The laws, cleared by parliament, are being watched closely by governments considering similar moves in Europe, Canada and New Zealand. They have angered tobacco firms who fear they may set a global precedent and infringe on trademark rights.
BAT, lodging papers with Australia's High Court in Sydney, said the tough world-first laws should be struck down because the government was infringing on the company's intellectual property and branding without proper compensation.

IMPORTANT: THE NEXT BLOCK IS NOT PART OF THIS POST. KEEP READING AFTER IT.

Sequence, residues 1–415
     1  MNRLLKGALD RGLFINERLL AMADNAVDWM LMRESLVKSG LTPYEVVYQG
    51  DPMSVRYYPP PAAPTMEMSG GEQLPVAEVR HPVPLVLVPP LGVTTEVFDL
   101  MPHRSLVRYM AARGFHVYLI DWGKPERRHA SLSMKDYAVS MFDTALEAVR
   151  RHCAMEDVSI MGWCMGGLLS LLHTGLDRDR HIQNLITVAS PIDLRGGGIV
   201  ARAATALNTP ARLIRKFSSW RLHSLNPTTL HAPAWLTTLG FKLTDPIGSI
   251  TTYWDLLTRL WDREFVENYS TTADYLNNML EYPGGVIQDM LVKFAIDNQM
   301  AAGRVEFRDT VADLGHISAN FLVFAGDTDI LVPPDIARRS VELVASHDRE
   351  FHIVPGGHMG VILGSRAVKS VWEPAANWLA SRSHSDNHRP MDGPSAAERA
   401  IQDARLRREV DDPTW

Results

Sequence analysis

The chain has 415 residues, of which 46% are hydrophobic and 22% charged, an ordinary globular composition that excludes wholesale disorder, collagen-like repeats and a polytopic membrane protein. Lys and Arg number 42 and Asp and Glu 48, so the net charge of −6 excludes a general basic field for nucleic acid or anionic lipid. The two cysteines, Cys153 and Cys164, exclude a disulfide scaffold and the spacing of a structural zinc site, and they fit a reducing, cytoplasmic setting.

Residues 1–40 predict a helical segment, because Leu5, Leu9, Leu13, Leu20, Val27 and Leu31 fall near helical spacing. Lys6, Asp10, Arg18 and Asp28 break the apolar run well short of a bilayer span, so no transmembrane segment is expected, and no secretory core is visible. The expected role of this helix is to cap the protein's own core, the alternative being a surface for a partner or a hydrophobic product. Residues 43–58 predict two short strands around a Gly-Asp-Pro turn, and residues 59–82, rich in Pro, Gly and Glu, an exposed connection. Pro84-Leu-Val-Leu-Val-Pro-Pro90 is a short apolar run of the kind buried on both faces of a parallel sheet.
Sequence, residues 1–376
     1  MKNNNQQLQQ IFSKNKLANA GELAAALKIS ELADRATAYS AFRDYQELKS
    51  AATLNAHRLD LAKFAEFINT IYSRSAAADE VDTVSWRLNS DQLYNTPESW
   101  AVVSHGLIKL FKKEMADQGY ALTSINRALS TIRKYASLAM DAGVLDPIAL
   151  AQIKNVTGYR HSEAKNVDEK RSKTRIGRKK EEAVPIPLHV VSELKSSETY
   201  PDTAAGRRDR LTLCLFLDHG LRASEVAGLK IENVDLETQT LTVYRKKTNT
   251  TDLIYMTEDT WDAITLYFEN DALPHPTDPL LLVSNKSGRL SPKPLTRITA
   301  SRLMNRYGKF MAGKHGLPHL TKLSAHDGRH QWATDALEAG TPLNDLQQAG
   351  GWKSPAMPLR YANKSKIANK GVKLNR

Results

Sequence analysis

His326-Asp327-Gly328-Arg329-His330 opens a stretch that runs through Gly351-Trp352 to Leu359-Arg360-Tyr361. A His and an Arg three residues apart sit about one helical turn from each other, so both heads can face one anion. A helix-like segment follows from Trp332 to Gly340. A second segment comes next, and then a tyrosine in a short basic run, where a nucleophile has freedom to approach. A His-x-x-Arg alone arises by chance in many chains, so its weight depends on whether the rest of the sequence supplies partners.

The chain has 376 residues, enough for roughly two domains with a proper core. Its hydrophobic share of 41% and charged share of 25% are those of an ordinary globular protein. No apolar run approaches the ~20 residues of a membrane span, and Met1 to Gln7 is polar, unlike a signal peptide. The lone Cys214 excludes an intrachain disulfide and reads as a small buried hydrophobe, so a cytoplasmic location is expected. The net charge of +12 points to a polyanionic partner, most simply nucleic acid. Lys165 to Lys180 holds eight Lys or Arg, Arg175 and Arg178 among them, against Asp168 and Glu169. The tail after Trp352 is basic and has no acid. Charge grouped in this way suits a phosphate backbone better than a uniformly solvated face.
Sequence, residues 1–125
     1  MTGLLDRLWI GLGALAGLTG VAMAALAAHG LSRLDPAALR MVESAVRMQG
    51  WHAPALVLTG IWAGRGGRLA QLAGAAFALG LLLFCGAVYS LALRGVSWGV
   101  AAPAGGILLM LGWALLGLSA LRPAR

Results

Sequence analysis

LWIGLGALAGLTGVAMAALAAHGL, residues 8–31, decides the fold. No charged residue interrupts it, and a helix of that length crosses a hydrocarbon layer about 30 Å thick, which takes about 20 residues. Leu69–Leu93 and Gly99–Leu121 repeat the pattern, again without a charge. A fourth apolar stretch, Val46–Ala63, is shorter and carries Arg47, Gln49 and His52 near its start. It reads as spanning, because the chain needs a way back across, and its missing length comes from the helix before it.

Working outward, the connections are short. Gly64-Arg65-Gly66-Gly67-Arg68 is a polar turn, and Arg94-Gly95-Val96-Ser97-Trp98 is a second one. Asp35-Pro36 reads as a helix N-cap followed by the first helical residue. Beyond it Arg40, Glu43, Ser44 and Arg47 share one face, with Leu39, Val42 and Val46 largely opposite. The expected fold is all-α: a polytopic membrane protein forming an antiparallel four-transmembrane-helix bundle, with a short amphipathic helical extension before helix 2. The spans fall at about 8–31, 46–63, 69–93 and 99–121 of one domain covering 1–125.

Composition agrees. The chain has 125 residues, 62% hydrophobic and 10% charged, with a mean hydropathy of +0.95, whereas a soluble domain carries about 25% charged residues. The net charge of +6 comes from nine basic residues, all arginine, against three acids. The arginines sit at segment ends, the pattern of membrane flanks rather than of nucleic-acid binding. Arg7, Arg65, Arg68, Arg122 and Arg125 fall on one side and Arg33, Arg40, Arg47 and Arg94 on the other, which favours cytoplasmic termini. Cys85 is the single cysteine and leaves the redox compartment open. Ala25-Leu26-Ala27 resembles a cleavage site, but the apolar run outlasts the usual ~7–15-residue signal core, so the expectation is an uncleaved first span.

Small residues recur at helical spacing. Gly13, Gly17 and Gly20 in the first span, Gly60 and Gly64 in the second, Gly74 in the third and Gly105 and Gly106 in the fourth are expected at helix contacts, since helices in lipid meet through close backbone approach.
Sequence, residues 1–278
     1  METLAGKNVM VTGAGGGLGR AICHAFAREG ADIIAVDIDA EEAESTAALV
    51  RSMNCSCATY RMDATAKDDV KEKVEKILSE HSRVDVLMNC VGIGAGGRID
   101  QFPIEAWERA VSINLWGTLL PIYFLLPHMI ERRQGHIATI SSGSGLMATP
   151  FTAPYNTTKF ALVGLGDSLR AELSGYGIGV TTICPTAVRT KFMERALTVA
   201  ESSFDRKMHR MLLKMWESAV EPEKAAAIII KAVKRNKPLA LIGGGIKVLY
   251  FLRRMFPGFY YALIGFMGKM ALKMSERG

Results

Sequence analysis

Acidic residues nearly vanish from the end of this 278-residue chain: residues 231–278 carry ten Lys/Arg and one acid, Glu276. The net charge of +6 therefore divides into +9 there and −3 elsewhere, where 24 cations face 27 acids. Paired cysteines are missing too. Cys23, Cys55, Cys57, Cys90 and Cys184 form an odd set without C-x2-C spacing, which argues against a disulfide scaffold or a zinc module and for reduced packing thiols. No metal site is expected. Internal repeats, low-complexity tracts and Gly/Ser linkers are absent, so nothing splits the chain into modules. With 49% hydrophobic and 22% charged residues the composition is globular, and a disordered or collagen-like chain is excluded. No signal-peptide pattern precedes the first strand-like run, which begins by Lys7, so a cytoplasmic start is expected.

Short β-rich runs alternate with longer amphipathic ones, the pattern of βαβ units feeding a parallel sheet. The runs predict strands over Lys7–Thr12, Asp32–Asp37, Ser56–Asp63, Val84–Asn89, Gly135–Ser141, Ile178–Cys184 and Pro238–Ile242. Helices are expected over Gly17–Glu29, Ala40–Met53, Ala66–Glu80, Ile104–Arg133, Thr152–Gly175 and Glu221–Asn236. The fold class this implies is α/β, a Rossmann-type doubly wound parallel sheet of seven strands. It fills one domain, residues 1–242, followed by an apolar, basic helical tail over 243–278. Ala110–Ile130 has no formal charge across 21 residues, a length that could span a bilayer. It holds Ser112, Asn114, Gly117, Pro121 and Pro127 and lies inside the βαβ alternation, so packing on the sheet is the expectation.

"If the same type of legislation was introduced for a beer brewing company or a fast food chain, then they'd be taking the government to court and we're no different," the company's Australian spokesman Scott McIntyre said.
McIntyre said the BAT proceedings in the High Court, Australia's supreme judicial body, would be a test case on the validity of the plain pack laws to two leading brands in Australia - Winfield and Dunhill cigarettes.
A hearing is likely next year.
"If we're successful, the decision should apply to other property and brands sold by BAT," he said.
Under the law, cigarettes, pipe tobacco and cigars have to be sold in olive green packs free from branding, but carrying graphic health warnings, from December 2012.